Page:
On Tuesday, shortly after Governor Jerry Brown signed California's $15-an-hour minimum wage legislation, the Associated Press's Michael R. Blood and Don Thompson called the move "a victory for those struggling on the margins of the economy and the politically powerful unions that pushed it."
As seen in a NewsBusters post on March 31, it's definitely a win for union members whose wages are set at a multiple of the state's minimum wage. But it's not a "victory" for "struggling" workers who will lose their jobs or not be able to become employed at the higher rate. The AP pair would only concede that "the overall goal of helping the working poor might be lessened if some employers cut jobs or, worse, leave the state." Forget the "if" on employers cutting jobs, guys. That's because, as Jeb Graham at Investor's Business Daily reported on Friday (HT Hot Air), two states which have only raised their minimums to just over $10 have already seen seasonally adjusted job losses (bolds are mine):
As the U.S. was adding about 400,000 retail jobs since the end of 2014, just three states saw retail employment decline.
... For one state, there’s no mystery. North Dakota’s entire economy has fallen into a recession with the end of the fracking boom.
... What about the two other states? It’s probably no coincidence that Connecticut and Massachusetts, the first two states to approve hikes in their statewide minimum wage to north of $10 an hour, now stand out because of retail-employment contractions.
Massachusetts has lost 2,200 retail jobs since employment in the sector peaked last July, seasonally adjusted Labor Department data show. Retail employment is down 500 from December 2014, before the first step of the state’s wage hike went into effect.
The minimum wage rose from $8 to $9 at the start of 2015 and to $10 on the first day of 2016. It’s slated to go to $11 in 2017.
... (Connecticut) first hiked its minimum from $8.25 to $8.70 at the start of 2014, then became the first to embrace President Obama’s call for a $10.10 wage. The current minimum wage of $9.60 will hit $10.10 at the start of 2017.
Now retail employment in Connecticut is down 1,400 from a peak of 185,000 first hit in April 2014, and the state has fewer retail jobs than it did 30 months ago.
... The White House and liberal supporters dismissed the Congressional Budget Office’s conclusion in 2014 that a $10.10 minimum wage could cost a half-million jobs. That warning was seemingly forgotten as the Fight for $15 movement emboldened the political left. But the experience of Massachusetts and Connecticut, two early movers in hiking the minimum wage north of $10, suggests that concerns about the impact of a high minimum wage shouldn’t be ignored.
As I showed in March 2014 when President Barack Obama visited Connecticut to celebrate that state's recently passed minimum-wage increase, both Connecticut and Massachusetts were already trailing the rest of the U.S. economy in 2012 and 2013 in several growth and labor-related measures.
Looking at the government's raw (i.e., not seasonally adjusted) data posted here for both retail and "food service and drinking places" further supports the points Graham made at IBD.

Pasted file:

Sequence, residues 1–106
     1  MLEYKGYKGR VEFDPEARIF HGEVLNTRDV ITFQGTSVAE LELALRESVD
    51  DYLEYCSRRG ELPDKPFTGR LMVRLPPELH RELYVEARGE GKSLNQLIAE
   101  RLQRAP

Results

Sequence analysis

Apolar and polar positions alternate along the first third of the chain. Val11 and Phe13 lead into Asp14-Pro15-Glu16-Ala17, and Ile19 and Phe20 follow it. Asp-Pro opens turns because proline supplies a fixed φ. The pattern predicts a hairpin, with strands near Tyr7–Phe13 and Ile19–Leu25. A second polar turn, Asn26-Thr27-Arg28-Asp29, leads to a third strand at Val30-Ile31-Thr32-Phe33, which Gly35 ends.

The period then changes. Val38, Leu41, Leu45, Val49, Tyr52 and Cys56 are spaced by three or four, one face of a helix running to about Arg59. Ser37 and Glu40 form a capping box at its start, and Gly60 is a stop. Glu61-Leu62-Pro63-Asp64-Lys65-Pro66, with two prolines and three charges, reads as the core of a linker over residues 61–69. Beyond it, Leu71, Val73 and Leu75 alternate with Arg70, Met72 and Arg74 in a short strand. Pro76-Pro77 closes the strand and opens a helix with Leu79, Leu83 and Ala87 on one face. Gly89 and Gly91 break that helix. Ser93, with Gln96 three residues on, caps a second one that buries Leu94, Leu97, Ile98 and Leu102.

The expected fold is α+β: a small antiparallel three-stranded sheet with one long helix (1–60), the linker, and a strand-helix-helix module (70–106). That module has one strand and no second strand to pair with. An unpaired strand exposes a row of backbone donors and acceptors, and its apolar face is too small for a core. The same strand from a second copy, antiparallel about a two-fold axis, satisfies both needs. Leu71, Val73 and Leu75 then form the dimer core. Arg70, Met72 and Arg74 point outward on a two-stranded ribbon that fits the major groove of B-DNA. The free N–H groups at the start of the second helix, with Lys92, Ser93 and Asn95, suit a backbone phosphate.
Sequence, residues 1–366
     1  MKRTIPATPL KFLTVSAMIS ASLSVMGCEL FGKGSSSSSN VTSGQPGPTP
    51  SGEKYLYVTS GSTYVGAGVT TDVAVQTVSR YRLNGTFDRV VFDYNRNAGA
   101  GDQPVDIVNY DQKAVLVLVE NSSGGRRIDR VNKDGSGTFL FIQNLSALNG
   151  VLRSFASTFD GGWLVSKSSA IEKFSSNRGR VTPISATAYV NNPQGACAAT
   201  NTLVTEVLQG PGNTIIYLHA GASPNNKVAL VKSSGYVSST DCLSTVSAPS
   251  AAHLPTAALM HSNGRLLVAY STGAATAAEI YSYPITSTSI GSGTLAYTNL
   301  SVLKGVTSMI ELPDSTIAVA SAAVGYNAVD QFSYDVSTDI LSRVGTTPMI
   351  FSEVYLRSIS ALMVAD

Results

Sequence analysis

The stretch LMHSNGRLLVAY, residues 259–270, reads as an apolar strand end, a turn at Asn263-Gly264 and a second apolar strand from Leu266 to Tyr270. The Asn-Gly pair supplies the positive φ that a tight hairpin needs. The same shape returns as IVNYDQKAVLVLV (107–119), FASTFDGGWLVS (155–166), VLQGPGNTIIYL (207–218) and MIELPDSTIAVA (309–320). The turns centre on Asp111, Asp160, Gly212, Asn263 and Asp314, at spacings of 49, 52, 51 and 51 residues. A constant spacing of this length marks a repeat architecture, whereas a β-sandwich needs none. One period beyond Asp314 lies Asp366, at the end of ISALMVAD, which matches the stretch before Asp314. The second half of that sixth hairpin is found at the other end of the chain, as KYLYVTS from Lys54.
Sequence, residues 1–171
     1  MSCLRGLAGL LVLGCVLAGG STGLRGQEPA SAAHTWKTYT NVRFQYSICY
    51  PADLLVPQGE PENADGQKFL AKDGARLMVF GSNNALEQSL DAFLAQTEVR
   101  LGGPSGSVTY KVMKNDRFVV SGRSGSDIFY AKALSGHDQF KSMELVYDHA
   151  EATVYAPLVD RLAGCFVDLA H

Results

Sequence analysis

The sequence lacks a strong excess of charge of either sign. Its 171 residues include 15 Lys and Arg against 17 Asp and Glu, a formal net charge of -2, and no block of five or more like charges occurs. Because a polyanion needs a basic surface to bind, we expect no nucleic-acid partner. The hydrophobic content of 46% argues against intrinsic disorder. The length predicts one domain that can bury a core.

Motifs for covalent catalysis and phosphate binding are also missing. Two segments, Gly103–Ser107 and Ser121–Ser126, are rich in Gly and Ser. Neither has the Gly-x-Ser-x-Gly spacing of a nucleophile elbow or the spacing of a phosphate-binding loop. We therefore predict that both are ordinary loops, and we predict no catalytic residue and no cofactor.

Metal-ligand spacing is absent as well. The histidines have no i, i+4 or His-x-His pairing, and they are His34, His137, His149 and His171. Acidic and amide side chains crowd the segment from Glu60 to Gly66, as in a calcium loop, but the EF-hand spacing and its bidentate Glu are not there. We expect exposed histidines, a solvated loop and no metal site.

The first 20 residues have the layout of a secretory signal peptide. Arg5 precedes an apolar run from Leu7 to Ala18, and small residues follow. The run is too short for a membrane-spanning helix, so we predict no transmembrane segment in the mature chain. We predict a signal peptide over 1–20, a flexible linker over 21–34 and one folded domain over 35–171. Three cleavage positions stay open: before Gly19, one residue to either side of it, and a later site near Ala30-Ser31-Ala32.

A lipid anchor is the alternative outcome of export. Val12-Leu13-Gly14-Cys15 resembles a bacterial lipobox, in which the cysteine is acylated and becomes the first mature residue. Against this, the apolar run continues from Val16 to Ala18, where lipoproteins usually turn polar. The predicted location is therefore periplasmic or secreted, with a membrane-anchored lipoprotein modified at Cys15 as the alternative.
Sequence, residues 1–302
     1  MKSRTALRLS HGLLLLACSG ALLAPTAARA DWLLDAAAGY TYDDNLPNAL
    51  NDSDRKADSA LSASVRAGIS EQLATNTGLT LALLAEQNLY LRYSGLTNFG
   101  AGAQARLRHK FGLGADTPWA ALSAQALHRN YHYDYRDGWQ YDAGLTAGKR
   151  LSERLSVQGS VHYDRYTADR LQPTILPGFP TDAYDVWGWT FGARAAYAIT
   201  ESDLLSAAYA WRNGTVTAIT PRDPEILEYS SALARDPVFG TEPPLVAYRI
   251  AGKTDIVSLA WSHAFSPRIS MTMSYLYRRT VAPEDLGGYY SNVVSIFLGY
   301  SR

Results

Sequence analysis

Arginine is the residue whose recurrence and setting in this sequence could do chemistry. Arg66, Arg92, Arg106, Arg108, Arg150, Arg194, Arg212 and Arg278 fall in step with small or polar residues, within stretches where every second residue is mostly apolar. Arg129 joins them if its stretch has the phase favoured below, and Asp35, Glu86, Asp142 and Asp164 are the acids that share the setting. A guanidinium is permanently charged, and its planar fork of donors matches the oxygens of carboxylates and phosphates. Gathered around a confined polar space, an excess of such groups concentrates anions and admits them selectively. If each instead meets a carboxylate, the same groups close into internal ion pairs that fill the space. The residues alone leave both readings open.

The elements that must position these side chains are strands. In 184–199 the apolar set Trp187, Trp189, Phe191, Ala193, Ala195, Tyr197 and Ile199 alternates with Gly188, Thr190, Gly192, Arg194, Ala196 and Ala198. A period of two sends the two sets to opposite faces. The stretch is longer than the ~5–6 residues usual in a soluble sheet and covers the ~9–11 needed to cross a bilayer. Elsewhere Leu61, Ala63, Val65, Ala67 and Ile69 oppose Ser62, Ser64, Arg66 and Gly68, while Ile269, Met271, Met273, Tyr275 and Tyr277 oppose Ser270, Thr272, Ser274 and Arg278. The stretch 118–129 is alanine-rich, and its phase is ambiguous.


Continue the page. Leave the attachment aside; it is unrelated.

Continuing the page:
In Massachusetts, actual retail employment in December 2015 of 360,700 was 6,300 jobs lower than in December 2014, while Connecticut had 300 fewer such jobs. Nationwide during that same 12 months, employment in that sector increased by 261,200 jobs. Thus, the rest of the nation picked up 267,800 retail jobs while the underperforming Nutmeg State and Bay State shed a combined 6,600 retail jobs.
Actual "food service and drinking places" employment in Massachusetts at the end of last year was 300 jobs lower than at the end of 2014. Connecticut, up by 3,100 jobs in the same period, performed better, but its year-over-year advantage shrunk to only 1,100 in February. Nationwide, this sector employed 355,000 more people at the end of 2015 than it did 12 months earlier.
As I noted on Wednesday, though they never say such things when related legislation is pending, many on the left believe that the job losses such as those seen in these two states are acceptable, as an April 1 Washington Post column on the subject which was not an April Fool's Day joke revealed:
Liberal economists also see a degree of hypocrisy in the idea that job losses shouldn’t be tolerated when it comes to setting minimum wage policy.
... "Why shouldn’t we in fact accept job loss?” asks New School economics and urban policy professor David Howell, who’s about to publish a white paper on the subject. "What’s so bad about getting rid of crappy jobs, forcing employers to upgrade, and having a serious program to compensate anyone who is in the slightest way harmed by that?"
As already seen, Connecticut and Massachusetts passed minimum-wage increases, but those states couldn't repeal the ironclad economic law of supply and demand. As a result, jobs have been lost.
Jerry Brown, New York Governor Andrew Cuomo and the Fight for $15 crowd have set those states up to see exponentially more of the same. They surely must know this, which leaves just one question: Why don't they care about "those struggling on the margins of the economy" who will be — not might be — hurt?
Cross-posted at BizzyBlog.com.